It was here that I got my first taste of Scotland. Venison Bangers and Mash with a deep Port jus and golden onion rings on top.
That evening we found ourselves a pub with a beautiful selection of alcohol, and christened our first night with a mini pub crawl. It was here I had my first taste of Potato Leek soup, one of the two dishes which would ultimately get me through this week.
The next day we took a morning trip to Edinburgh Castle. Once done several of us stopped for lunch on our way down the mile to Holyrood Palace. A friend and I had really wanted to stop and have lunch at the Witchery, but the pricey menu had everyone else looking for something cheaper. We ended up in a little sandwich shop further down the mile, which had once been the workshop of a famous good Samaritan turned serial killer from the 17-1800s. It was here that I learned all sandwiches in Scotland come with butter. As we would put mustard or mayonnaise or oil, they put butter.
On our next free day, several of us decided to take a trip to Portobello, on the north-eastern edge of the city. Portobello was a rather familiar sight for those of us who have lived within 2 hours of the Jersey Shore our whole lives—as it was essentially the Scottish version. Seagulls trying to steal food from small children, trash buried into the sand. The buildings lining the walk are just older than those in NJ.
Near the sands and the waves of the North Sea, we found a little restaurant for lunch. As was the case in much of Scotland (and in Ireland) the menu was very limited—bad news for a picky eater like me—so I ended up with what you see below. Scottish Nachos. A little burnt, but that sour cream is worth every stab of those sharp chips! As it was in Ireland, so too are the dairy products in Scotland.
For lunch we went to an Italian restaurant—because why not?! There I ate a bowl of penne bolognese which was enormous, but satisfying.
After lunch we walked our way to Glasgow Cathedral, which was one of the most beautiful and gothic cathedrals I've ever seen. Beside the cathedral was the Necropolis, a graveyard and park set on a high hill. After a beautiful walk through the cemetery, and being harassed by a quite handsome, but quite crazy, scotsman about the political witches who controlled the world, we stopped at a pub for a break and some grub. There I got the second of my staple foods for my time in Scotland—Onion Rings. Beer battered, light, flaky and delicious fried onions.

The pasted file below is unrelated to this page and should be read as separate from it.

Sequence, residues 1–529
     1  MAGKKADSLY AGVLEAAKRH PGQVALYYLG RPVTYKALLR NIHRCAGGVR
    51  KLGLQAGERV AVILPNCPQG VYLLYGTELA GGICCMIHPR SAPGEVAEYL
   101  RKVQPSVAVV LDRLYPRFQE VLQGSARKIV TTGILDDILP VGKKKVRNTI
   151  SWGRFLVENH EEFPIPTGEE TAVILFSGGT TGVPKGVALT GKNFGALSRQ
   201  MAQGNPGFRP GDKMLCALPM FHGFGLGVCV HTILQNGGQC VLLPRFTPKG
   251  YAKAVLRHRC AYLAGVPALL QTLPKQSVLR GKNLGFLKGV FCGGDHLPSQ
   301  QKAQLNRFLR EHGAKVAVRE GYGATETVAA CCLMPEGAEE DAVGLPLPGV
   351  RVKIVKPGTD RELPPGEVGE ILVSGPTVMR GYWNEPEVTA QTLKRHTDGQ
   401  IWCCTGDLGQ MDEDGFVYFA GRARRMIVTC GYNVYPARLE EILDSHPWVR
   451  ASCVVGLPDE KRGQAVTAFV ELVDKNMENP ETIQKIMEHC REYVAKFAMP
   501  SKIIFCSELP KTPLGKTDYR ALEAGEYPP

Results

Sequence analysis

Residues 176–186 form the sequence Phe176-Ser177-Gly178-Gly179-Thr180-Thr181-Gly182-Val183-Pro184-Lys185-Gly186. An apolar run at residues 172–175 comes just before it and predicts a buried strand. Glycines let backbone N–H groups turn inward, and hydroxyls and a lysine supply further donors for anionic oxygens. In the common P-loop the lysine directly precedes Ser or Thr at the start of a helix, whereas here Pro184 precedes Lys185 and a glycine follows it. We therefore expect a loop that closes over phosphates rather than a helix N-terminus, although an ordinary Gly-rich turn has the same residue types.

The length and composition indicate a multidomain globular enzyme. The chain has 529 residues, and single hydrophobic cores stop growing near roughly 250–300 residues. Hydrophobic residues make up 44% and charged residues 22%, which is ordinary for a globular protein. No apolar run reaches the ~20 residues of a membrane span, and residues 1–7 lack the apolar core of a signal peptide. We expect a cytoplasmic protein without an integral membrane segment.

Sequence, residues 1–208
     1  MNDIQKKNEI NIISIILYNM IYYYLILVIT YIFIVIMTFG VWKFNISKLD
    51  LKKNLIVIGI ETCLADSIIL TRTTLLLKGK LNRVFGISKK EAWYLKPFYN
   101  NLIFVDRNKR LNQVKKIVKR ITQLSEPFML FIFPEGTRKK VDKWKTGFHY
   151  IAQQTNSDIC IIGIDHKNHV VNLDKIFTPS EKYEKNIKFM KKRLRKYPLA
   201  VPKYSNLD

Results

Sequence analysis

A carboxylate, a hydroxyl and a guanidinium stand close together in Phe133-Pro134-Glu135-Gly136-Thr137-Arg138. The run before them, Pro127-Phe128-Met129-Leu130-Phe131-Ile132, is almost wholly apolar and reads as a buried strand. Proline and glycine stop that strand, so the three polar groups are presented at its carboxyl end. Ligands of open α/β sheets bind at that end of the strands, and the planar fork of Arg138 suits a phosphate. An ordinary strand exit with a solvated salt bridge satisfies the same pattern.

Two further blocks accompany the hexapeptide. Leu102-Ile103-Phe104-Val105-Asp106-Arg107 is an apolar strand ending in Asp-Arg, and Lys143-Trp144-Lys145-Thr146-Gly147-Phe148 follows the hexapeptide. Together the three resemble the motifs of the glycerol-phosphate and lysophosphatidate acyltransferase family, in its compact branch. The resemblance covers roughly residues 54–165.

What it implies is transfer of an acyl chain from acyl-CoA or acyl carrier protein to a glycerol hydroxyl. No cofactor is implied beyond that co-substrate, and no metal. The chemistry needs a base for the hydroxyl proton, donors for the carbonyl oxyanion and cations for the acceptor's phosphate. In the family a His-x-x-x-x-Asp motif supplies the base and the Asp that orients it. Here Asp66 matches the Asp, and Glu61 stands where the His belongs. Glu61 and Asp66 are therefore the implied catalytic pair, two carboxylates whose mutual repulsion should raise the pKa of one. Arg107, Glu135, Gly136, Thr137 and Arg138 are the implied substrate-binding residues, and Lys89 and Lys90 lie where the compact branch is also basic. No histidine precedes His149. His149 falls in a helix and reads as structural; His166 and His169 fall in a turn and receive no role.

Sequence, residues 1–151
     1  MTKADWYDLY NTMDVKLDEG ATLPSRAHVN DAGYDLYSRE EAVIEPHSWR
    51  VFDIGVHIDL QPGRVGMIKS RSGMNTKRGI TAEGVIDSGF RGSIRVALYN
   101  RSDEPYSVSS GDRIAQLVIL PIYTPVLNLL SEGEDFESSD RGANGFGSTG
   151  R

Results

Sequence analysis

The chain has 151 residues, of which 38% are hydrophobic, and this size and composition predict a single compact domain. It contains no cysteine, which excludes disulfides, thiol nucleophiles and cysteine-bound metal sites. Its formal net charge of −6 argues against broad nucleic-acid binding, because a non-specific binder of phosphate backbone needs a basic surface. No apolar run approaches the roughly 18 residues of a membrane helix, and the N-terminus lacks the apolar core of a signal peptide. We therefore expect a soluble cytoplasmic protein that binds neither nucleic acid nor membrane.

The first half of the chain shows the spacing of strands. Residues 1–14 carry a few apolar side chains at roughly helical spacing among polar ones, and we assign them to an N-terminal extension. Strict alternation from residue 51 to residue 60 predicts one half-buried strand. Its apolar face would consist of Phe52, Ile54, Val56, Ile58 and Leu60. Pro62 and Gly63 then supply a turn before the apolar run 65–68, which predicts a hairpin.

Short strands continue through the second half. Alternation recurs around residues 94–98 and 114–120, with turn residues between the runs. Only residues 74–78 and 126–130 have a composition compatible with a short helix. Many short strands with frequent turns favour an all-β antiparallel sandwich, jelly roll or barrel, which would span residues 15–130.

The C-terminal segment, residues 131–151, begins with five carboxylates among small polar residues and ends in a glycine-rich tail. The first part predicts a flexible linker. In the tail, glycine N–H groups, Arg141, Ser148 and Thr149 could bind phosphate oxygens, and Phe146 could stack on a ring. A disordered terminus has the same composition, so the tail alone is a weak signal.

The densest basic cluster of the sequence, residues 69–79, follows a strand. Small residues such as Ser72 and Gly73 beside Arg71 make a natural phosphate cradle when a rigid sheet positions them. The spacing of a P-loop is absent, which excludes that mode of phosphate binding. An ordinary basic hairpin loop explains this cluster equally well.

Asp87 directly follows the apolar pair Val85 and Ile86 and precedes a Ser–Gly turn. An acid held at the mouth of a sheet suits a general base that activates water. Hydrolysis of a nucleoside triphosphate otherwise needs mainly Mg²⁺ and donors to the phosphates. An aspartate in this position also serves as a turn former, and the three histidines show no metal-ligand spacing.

After our excursions in Glasgow, I walked with my professor to the next town over to have dinner at the Sheep Heid Inn, the oldest surviving (and still operating) pub in Edinburgh. I ordered the pork chops, which were thick cut with nearly as much fat as meat! Served over mash and cabbage with a very good gravy.
The next day we had a day-trip to the edge of the highlands. First we went to Sterling Castle, followed by lunch at Loch Lomond. I had a delightful shepards pie, served over yorkshire pudding. After lunch we climbed the steps up the mountain to see to view of the lake. This was the part of Scotland I loved the most.
Our next stop on our tour of the highland edge was the Glengoyne Distillery. We went on a tour of the Scotch distillery, which was enlightening and delicious. For those alcohol connoisseurs reading this, if you ever find yourself in Scotland or Ireland with nothing to do, take a tour of a distillery. Included in your tour is a tasting of several different years.
|The 12 year old Scotch they started us off with before even setting foot on the tour route.|
This was the 18 year old Scotch we received at the end of the tour.
Our final night all together, my cohorts and I went out to a spanish tapas restaurant where we indulged in some pretty delicious places. While I do not eat much seafood, I was surprised when one of my colleagues ordered prawns but didn't know how to go about eating them once they arrived. I did my best to offer instructions from what I've seen on the Food Channel.
The star of the meal, by far, was the Paiea. Rice, onions, chorizo, chicken and saffron never tasted so sublime. If they'd have let me I would have eaten the entire pan.
All in all my adventure through Scotland was slightly more limited than Ireland, though I learned some valuable lessons. The Scottish put butter on everything, even cold-cut sandwiches and burgers, they ALWAYS cook their beef well-done, they don't offer many choices, and they don't always understand the concept of salt or seasoning. However the regional dishes, such as Haggis, are worth a try as they are the best food you might have. Surprises lay around every corner.
Until next time, keep experimenting in those labs and kitchens!
XOXO- The Zombie Cook